Airlines Destinations Terminal
Corendon Dutch Airlines Amsterdam[14] 1
Enter Air Warsaw Chopin[15] 1
Jetairfly Brussels, Lyon, Metz-Nancy, Paris CDG 1
Jet Time Billund, Helsinki 1
Neos Milan-Malpensa[16] 1
Norwegian Air Shuttle Bergen[17] 1
Novair Gothenburg, Oslo, Stockholm 1
Scandinavian Airlines Bergen[18] 1
Thomas Cook Airlines Belfast International, Birmingham, Bristol, East Midlands, Glasgow International, London Gatwick, London Stansted, Manchester, Newcastle 1
Thomas Cook Airlines Belgium Brussels 1
Thomas Cook Airlines Scandinavia Copenhagen, Stockholm 1
Thomson Airways Belfast International, Birmingham, Bournemouth, Bristol, Cardiff, Doncaster/Sheffield, Dublin, East Midlands, Edinburgh, Exeter, Glasgow International, London Gatwick, London Luton, London Stansted, Manchester, Newcastle 1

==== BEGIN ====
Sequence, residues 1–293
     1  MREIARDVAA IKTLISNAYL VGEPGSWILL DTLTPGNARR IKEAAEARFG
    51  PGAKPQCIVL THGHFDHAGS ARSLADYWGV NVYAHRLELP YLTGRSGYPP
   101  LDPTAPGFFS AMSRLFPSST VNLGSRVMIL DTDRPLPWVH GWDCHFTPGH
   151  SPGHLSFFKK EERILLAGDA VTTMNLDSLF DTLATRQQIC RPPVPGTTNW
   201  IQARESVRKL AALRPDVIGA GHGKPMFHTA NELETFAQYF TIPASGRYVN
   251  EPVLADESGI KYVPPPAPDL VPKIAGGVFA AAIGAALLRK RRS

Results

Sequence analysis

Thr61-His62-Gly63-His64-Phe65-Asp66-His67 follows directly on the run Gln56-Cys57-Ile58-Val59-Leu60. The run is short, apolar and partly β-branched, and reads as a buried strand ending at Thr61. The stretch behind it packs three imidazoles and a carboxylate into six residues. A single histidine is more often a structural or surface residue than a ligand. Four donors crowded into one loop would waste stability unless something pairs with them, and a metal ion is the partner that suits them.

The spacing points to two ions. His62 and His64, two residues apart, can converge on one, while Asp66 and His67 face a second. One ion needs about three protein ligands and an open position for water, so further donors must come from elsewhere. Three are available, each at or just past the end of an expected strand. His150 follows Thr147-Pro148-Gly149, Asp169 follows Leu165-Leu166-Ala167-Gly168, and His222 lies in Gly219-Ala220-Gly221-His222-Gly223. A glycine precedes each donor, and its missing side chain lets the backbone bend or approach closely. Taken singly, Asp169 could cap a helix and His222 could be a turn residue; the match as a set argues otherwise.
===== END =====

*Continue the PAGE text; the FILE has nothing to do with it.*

Travel Service Airlines Brest, Deauville, Katowice, Warsaw[19] 1
TUI Airlines Netherlands Amsterdam, Eindhoven[20] 1
TUIfly Nordic Copenhagen, Gothenburg Landvetter, Helsinki, Oslo Gardermoen, Stockholm Arlanda 1


Lanzarote Airport Passenger Totals 2000-2014 (millions)
Updated: 16 January 2015. 2014 data Provisional.[2]
Passengers Aircraft movements Cargo (tonnes)
2000 5,002,551 44,814 6,403
2001 5,079,790 43,368 7,134
2002 5,123,574 45,050 7,201
2003 5,383,426 47,667 7,492
2004 5,517,136 48,446 7,996
2005 5,467,499 47,158 6,629
2006 5,626,087 50,172 6,113
2007 5,625,580 52,968 5,784
2008 5,438,178 53,375 5,429